The artifacts were analyzed through a lens of Mayer's and Salovey's definition of EI. In addition, Nightingale's characteristics and traits were further examined using Goleman's four domains of EI. Goleman's model includes self-awareness, self-management, social awareness and relationship management. Multiple models of EI exist but Goleman's model was selected because it takes into account both learned skills and innate traits, including control of one's impulses, self-motivation, empathy and social competence in interpersonal relationships. [12]


An understanding of Nightingale's characteristics and work are essential to connect EI to her persona and role in nursing education, practice and research. A visionary yet practical woman such as Nightingale led us to believe that the purpose in life is to serve our patients in an honorable way. Honour lies in loving perfection, consistency and in working hard for it: In being ready to work patiently: Ready to say not "how clever I am!" But "I am not yet worthy: But Nursing is worthy: And I will live to deserve and work to deserve to be called a trained nurse" (p. 116). [13] This quote is one of the many that demonstrates Nightingale's understanding and desire to intentionally regulate emotions in order to achieve intellectual growth, a fundamental part of Mayer and Salovey's definition of EI.

Florence Nightingale conceptualized nursing as a calling from god, an honorable calling. [13],[14] She set rigorous standards to inspire nurses to work with patients from a holistic perspective. [13],[14],[15] Nightingale considered the patient as a partner to health promotion and wellness. In the book Florence Nightingale to her Nurses, Nightingale wrote "and I am not at all saying that our patients have everything to learn from us. On the contrary, we can, many a time learn from them, in patience … One of our sisters told me that she has often learnt more from her patients than from any one else. And I am sure I can say the same for myself" (p. 26). [13] She always viewed health from a preventative standpoint and knew that social conditions affect health promotion. [14]

Stories and writings about Florence Nightingale showed her extraordinary energy to succeed even more than half a century after the Crimean War. [16] Nightingale [13] believed that "a person in charge must be felt more than she is heard - not heard more than she is felt … She must exercise authority without appearing to exercise it" (p. 13). The voice of a silent power was exemplified here. In the 19 th century women were expected to take on a traditional role of wife and mother and Nightingale struggled to find her place in a patriarchal environment. [15] She critically questioned situations especially when faced with a task that seemed nearly impossible to accomplish.

Emotional intelligence domains

The influence of the environment on Nightingale shaped her points of view and her ability to be an effective leader, aspects of self-awareness, the first of Goleman's EI domains. According to Denton, [17] self-awareness is the highest form of awareness, contemplating and reflecting on one's own existence. Nightingale's writings were supportive of her ability to recognize her moods, emotions and drives. She was a very confident and adept woman. She used her strong belief in god and the environment as the foundation for understanding herself. In Florence Nightingale to her Nurses, she mentioned that "humility - to think our own life worth nothing except as serving in a corps, god's corps unflinching obedience, steadiness and endurance in carrying out his work … and may god give it to us nurses and make us his own nurses" (p. 136). [13] Nightingale also knew that nursing needed to focus on health promotion and prevention to combat unsanitary conditions rather than treatment of the illness.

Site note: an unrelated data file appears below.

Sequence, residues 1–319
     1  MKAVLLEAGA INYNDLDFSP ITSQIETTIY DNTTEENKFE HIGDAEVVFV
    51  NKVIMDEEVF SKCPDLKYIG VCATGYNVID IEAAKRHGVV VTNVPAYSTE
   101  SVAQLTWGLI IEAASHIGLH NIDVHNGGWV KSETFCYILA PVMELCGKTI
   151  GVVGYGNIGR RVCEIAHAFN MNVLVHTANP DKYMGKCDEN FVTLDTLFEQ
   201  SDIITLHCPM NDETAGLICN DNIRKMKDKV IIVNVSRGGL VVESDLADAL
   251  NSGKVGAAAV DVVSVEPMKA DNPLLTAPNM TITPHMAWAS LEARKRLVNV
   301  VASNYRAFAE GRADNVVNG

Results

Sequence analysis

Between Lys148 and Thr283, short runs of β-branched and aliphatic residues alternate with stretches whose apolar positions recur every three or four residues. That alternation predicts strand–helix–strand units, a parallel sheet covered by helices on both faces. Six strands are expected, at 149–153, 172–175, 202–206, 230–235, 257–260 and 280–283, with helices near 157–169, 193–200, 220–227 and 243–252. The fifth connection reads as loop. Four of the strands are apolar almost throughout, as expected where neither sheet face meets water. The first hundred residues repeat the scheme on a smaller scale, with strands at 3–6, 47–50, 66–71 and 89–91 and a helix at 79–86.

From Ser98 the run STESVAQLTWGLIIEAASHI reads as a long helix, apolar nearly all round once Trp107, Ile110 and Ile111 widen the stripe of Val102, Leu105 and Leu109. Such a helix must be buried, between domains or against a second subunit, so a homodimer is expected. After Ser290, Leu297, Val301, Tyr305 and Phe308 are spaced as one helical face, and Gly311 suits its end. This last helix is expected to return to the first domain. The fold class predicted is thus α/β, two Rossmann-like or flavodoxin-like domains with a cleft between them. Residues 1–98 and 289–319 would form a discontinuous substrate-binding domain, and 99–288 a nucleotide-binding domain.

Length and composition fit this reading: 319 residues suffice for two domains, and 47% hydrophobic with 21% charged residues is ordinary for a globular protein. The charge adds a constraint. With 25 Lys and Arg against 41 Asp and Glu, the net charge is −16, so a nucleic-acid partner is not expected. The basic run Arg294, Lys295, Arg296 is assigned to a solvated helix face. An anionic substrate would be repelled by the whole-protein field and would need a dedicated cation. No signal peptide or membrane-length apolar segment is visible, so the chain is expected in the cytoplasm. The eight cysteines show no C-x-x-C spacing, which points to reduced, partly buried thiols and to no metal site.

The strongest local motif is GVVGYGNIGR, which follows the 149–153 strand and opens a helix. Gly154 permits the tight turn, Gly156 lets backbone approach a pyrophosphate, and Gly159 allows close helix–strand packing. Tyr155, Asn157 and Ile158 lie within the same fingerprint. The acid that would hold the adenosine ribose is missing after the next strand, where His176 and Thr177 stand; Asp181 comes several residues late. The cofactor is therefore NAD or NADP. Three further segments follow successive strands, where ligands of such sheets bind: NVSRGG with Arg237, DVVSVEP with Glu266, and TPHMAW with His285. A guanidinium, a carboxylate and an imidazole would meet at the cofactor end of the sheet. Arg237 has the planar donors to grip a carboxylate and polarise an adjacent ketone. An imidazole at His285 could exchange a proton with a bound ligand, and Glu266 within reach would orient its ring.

Goleman's second domain of self-management is the ability to be comfortable with ambiguity and have the openness to change. [5],[18] To self-manage is to take the initiative to think and act without being told which direction to take. Nightingale interpreted the importance of acute observation as a skill in providing patient centered care and warned her nurses on observing conditions and making judgments on the basis of insufficient information. [19] In Nightingale's notes on nursing she eloquently wrote "the most important practical lesson that can be given to nurses is to teach them what to observe-how to observe-what symptoms indicate improvement-what the reverse-which are of importance-which are of none-which are the evidence of neglect-and of what kind of neglect … For it may safely be said, not that the habit of ready and correct observation will by itself make us useful nurses, but that without it we shall be useless with all our devotion" (p.105). [19] It is clear that Nightingale never shied away from change when it came to ensuring there was rationale for change.

Social awareness, the third domain, is closely connected to the practice of empathy. [9] Florence Nightingale was an introvert who savored solitude but appeared to show empathy in her writings and works. Service to the sick was what she always strived for. In one of her selected letters from Ever Yours, Florence Nightingale, she wrote: "I believe I shall go for the present to the nearest at hand - to nurse a sick aunt and wait to see what I can find out to be god's work for me" (p. 61). [20] Even though she was an introvert, a trait which often has a negative connotation, Nightingale was fueled by her energy from her inner thoughts and reflections which promoted positive actions. [10],[21]